Figurative language can enrich our writing, adding nuance and depth, like the addition of a harmony line to a melody. The right metaphor can enlarge our subject and offer our readers new ways of perceiving it. The risk involved, like adding a heavy sauce to your delicately flavored meal, is that the language can distract the reader and obscure your meaning rather than developing it. Figurative language calls attention to itself, can easily descend to cliché, and asks for the reader’s complicity, all of which could break your reader’s focus.
My advice, therefore, is to use figurative language sparingly, strive to make it fresh, and understand the implications of the comparisons you’re making (directly or indirectly). Make sure it’s serving the piece. In creating an effective metaphor, trust your subconscious, which makes connections our conscious minds cannot readily make. Don’t reach for the quick, easy one. Instead, take the time to plumb the depths of your imagination. Risk a reach toward an unlikely comparison rather than a safe one. You might be surprised at one you find, and your reader will be delighted.
The perils of subjectivity arise largely from overidentifying with a subject, narrator or character in a narrative, and making it (or him or her) the vehicle for a thematic point in which the author himself is overly invested. The antidote is at least as old as the New Testament, specifically Matthew 5:43–48, where Christ instructs his followers to love their enemies. If what I have to say seems old hat, therefore, I’ll be neither disappointed nor surprised.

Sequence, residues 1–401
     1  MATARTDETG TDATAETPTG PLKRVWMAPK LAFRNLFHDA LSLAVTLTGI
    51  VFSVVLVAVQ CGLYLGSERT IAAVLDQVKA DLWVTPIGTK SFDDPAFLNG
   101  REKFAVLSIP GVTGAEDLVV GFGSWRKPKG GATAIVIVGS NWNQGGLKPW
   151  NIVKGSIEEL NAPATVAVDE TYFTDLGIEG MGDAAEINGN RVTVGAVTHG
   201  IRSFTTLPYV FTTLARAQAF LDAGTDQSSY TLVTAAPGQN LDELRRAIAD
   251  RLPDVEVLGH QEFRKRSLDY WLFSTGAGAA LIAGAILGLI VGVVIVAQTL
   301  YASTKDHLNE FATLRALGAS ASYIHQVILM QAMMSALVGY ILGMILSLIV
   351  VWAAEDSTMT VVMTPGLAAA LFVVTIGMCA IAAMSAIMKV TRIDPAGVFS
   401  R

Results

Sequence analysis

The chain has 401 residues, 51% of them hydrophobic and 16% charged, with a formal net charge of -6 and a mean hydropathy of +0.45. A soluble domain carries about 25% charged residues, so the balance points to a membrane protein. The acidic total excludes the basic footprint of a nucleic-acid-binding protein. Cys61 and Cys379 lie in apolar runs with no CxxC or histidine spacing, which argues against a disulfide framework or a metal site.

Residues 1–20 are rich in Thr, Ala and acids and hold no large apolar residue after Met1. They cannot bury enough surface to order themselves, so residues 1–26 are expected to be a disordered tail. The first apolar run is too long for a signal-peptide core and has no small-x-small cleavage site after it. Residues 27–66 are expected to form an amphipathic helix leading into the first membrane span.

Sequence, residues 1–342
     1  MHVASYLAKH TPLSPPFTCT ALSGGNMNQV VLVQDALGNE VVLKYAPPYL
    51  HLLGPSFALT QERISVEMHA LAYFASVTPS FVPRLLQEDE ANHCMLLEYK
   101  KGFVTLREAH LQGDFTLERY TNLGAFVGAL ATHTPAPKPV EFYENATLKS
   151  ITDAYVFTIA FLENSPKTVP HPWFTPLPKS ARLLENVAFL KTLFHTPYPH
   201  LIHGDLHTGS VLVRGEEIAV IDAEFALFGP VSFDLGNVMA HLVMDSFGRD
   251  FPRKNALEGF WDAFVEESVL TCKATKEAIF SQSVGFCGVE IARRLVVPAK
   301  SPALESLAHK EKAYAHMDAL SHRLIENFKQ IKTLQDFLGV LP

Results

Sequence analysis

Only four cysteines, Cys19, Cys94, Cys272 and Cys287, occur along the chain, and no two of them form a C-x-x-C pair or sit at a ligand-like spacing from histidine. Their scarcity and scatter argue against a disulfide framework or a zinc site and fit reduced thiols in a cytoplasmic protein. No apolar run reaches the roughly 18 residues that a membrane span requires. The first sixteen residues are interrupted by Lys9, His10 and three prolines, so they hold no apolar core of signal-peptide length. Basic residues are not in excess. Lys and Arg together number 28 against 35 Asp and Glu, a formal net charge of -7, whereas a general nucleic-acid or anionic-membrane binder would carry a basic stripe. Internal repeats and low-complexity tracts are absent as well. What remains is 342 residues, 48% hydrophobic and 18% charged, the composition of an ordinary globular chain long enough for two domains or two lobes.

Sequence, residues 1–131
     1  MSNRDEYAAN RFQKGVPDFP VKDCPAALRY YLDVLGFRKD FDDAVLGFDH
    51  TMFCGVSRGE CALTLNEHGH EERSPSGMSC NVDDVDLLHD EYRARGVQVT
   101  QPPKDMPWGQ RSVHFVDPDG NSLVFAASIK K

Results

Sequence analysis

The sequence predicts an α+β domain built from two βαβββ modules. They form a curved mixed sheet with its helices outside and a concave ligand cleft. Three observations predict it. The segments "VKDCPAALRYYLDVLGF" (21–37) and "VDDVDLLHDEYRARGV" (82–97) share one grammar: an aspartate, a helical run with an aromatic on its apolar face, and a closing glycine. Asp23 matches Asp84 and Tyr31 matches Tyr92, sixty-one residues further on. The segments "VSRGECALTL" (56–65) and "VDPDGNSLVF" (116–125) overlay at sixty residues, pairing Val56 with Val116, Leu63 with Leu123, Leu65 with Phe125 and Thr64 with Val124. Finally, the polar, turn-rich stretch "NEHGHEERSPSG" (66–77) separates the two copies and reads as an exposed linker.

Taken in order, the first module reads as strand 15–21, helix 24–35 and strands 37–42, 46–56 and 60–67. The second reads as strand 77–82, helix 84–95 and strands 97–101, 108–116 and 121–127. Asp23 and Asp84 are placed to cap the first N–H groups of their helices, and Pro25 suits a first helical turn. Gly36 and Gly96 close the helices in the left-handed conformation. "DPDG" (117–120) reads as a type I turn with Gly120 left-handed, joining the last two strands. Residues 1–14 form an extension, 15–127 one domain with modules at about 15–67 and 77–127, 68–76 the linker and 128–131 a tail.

There are two good reasons for revising what you’ve written: Either you want to change something, or your editor, agent or client does. If the revision is your idea, that’s good. It means you know what you want, or what you suspect won’t fly. If the revision is by request, remember: The customer may not always be right, but she has the money and the medium—as well as the experience of buying for it. (You can fight for what you believe, of course, but choose your battles carefully. Races are won or lost in the final minutes.)
Reduce by a third the word count of one of your recent efforts without losing its essence. (I did this myself, in fact, with my contributions to this article.) Note: Don’t constantly reread what you’ve written; if you memorize it, self-editing will be tougher. Put it away for a few days. Then read it fresh.
Think of your writing as a windshield. Ill-suited words can streak and cloud your reader’s view, and just-right language can be as clarifying as a high-powered carwash. Once you have a solid draft, it’s time to consider:
Writers sometimes speak of style as if it were an ingredient to be added to their story or poem or memoir. Instead, style is the thing itself. E.B. White said it best, writing, “Style takes its final shape more from attitudes of mind than from principles of composition, for, as an elderly practitioner once remarked, ‘Writing is an act of faith, not a trick of grammar.’” The key, then, to developing one’s style is to write, as White states, “in a way that comes naturally.”